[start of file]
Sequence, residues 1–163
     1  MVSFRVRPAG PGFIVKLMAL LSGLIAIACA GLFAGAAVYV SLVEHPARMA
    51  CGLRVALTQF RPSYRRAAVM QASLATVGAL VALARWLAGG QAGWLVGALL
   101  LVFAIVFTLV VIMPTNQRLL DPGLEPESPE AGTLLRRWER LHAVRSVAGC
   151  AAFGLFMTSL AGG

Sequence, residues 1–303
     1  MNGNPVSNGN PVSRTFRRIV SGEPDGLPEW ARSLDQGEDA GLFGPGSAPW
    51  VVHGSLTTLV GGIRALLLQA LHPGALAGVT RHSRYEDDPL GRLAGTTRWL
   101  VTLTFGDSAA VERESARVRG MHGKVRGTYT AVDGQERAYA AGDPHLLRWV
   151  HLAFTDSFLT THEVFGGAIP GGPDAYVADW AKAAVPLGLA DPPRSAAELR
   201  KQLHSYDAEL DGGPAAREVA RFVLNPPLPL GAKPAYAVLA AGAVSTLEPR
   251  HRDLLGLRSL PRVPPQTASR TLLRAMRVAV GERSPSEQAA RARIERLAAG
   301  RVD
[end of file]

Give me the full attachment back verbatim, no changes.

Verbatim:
Sequence, residues 1–163
     1  MVSFRVRPAG PGFIVKLMAL LSGLIAIACA GLFAGAAVYV SLVEHPARMA
    51  CGLRVALTQF RPSYRRAAVM QASLATVGAL VALARWLAGG QAGWLVGALL
   101  LVFAIVFTLV VIMPTNQRLL DPGLEPESPE AGTLLRRWER LHAVRSVAGC
   151  AAFGLFMTSL AGG

Sequence, residues 1–303
     1  MNGNPVSNGN PVSRTFRRIV SGEPDGLPEW ARSLDQGEDA GLFGPGSAPW
    51  VVHGSLTTLV GGIRALLLQA LHPGALAGVT RHSRYEDDPL GRLAGTTRWL
   101  VTLTFGDSAA VERESARVRG MHGKVRGTYT AVDGQERAYA AGDPHLLRWV
   151  HLAFTDSFLT THEVFGGAIP GGPDAYVADW AKAAVPLGLA DPPRSAAELR
   201  KQLHSYDAEL DGGPAAREVA RFVLNPPLPL GAKPAYAVLA AGAVSTLEPR
   251  HRDLLGLRSL PRVPPQTASR TLLRAMRVAV GERSPSEQAA RARIERLAAG
   301  RVD